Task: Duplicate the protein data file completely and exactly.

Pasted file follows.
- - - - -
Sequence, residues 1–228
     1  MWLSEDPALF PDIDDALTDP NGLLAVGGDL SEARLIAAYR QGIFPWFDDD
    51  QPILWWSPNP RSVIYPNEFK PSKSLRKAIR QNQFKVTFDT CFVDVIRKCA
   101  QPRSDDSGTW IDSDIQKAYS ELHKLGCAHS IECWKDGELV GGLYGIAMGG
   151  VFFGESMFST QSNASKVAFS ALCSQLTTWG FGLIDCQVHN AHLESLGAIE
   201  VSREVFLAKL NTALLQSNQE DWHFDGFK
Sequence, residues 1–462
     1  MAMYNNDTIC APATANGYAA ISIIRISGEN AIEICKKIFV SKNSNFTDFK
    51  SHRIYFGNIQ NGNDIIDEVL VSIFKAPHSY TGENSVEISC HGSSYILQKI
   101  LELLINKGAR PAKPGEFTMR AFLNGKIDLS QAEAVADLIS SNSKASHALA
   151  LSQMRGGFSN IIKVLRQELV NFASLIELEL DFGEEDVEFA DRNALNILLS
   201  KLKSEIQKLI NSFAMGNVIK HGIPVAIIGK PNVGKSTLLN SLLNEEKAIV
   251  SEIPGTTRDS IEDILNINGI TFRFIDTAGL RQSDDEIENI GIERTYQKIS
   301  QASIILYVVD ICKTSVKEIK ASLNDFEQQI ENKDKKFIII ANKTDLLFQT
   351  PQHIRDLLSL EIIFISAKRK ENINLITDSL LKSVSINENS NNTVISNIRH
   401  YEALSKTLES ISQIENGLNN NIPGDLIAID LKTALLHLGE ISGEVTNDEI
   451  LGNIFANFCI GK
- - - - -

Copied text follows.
Sequence, residues 1–228
     1  MWLSEDPALF PDIDDALTDP NGLLAVGGDL SEARLIAAYR QGIFPWFDDD
    51  QPILWWSPNP RSVIYPNEFK PSKSLRKAIR QNQFKVTFDT CFVDVIRKCA
   101  QPRSDDSGTW IDSDIQKAYS ELHKLGCAHS IECWKDGELV GGLYGIAMGG
   151  VFFGESMFST QSNASKVAFS ALCSQLTTWG FGLIDCQVHN AHLESLGAIE
   201  VSREVFLAKL NTALLQSNQE DWHFDGFK
Sequence, residues 1–462
     1  MAMYNNDTIC APATANGYAA ISIIRISGEN AIEICKKIFV SKNSNFTDFK
    51  SHRIYFGNIQ NGNDIIDEVL VSIFKAPHSY TGENSVEISC HGSSYILQKI
   101  LELLINKGAR PAKPGEFTMR AFLNGKIDLS QAEAVADLIS SNSKASHALA
   151  LSQMRGGFSN IIKVLRQELV NFASLIELEL DFGEEDVEFA DRNALNILLS
   201  KLKSEIQKLI NSFAMGNVIK HGIPVAIIGK PNVGKSTLLN SLLNEEKAIV
   251  SEIPGTTRDS IEDILNINGI TFRFIDTAGL RQSDDEIENI GIERTYQKIS
   301  QASIILYVVD ICKTSVKEIK ASLNDFEQQI ENKDKKFIII ANKTDLLFQT
   351  PQHIRDLLSL EIIFISAKRK ENINLITDSL LKSVSINENS NNTVISNIRH
   401  YEALSKTLES ISQIENGLNN NIPGDLIAID LKTALLHLGE ISGEVTNDEI
   451  LGNIFANFCI GK